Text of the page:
Conclusion: Before Sandy Bridge and Ivy Bridge, overclocking your CPU involved changing half a dozen settings to try to obtain the highest clock speed. This was because there were so many different ways to obtain your maximum frequency; things were a bit complicated even if you are an experienced computer enthusiast.
Summary: We'll be taking a look at one of Intel's motherboards today, specifically the Intel DZ77GA-70K which is part of its Extreme Motherboard series. How can you tell it's an extreme motherboard? Why it has a skull on it of course! All kidding aside there is more to the DZ77GA-70K than just marketing.
"Roads End" and "Gasper": Intel DZ77RE-75K and Intel DZ77GA-70K LGA 1155 Mainboards Review
12 July 2012
Summary: Both these mainboards belong to the “Extreme” series. The major distinguishing feature of the top model is support of the Thunderbolt interface. Besides, both boards have new Intel Visual BIOS. They boast extensive functionality, work stably in nominal mode and even support overclocking. However, they are not completely issue-free, which may cast a shadow over the initial rosy impression from these boards.
Conclusion: One thing that I would like to add is that this board was stable throughout the tests, both at stock and over-clock. We did not have one single crash which is something I have come not to expect out of enthusiast class Intel boards in their review-sampling stage.
Summary: The Intel DZ77GA-70K Motherboard performs as expected with no variances in voltage or floating base clock.
(Performs as Expected? - Stable throughout all testing without failure)
It’s probably been quite a while since you heard someone recommend an Intel motherboard. Intel branded motherboards have been shunned based on price and lack of expandability, as well their appearance. I can say I have never tested a bad Intel motherboard.
Pros: Four USB 3.0 Connectors, Voltage Regulator Heatsinks, Intel Rapid Storage Technology, 3 Year Warranty, Dr MOS, Back to BIOS Switch, Exceptional Auto Tuning, Up to 64GB od Quad Channel DDR 3 Memory, Dual Intel Gigabit LAN, BlueTooth and WiFi Module, Easy Navigatible EFI BIOS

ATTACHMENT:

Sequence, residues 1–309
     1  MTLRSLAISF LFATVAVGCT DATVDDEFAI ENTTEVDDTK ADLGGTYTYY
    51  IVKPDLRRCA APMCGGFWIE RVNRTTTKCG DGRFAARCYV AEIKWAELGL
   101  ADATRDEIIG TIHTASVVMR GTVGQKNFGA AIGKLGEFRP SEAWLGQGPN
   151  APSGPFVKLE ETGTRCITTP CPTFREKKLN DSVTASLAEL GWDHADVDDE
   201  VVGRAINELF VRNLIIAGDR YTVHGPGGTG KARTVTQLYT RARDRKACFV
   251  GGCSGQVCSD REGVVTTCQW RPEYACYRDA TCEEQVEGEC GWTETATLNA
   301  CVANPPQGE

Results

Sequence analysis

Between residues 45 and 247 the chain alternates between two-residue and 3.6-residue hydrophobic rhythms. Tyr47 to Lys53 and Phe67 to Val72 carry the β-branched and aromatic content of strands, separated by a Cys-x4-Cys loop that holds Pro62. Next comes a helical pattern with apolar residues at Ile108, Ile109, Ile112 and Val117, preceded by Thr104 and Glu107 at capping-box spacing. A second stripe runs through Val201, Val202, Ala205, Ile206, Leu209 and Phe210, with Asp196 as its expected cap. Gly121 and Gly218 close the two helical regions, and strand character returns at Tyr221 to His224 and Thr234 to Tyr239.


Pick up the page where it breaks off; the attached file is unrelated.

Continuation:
Conclusion: That being said, it’s not the perfect board for everyone. If you are looking to install three video cards or plan to connect more than one monitor without a dedicated graphics card, you’ll find more capable options elsewhere. But for most folks looking to build a cutting-edge system for gaming, multimedia, or other performance-centric uses (and hoping not to have to splash out for a board that costs more than the leading Ivy Bridge chip), the DZ77GA-70K is a superb...
Pros: Excellent selection of slots and ports, Easily overclockable, Superb graphical BIOS design, Consumer IR connector
Conclusion: IMPORTANT: Although the rating and final score mentioned in this conclusion are made to be as objective as possible, please be advised that every author perceives these factors differently at various points in time. While we each do our best to ensure that all aspects of the product are considered, there are often times unforeseen market conditions and manufacturer changes which occur after publication that could render our rating obsolete.
Pros: USB 3.0 hub design adds 3.0 ports without using PCI-E lanes, BIOS to die for, PLX Technologies chip makes the best of the PCI-E lanes you have, On-board WiFi and Bluetooth, POST sequence LEDs enable easy diagnosis of POST problems
Cons: Still not feature-competitive as it could be, PCI slots? Really?, Clunky Bluetooth module
Summary: The Z77 chipset brings a few new features to Intel's lineup and while it all seems impressive on paper, in reality it's an incremental upgrade. The update to PCI Express 3.0 is the most substantial change, but even gamers with the latest top-of-the-line GPUs won't see any benefit from the extra bandwidth. The long awaited native USB 3.0 controller performs as well as third party solutions, so there's no difference aside from the shedding of an extra chip on the PCB.
Excerpt: This week, Intel just launched their new 7 Series line of motherboards and chipsets in preparation for the arrival of 3rd-generation Core processors later this month. These include first- and third-party offerings based on the H77 (mainstream), Z75 (performance), and Z77 (enthusiast) chipsets, made specifically to pair with the new Ivy Bridge CPUs with built-in graphics capabilities.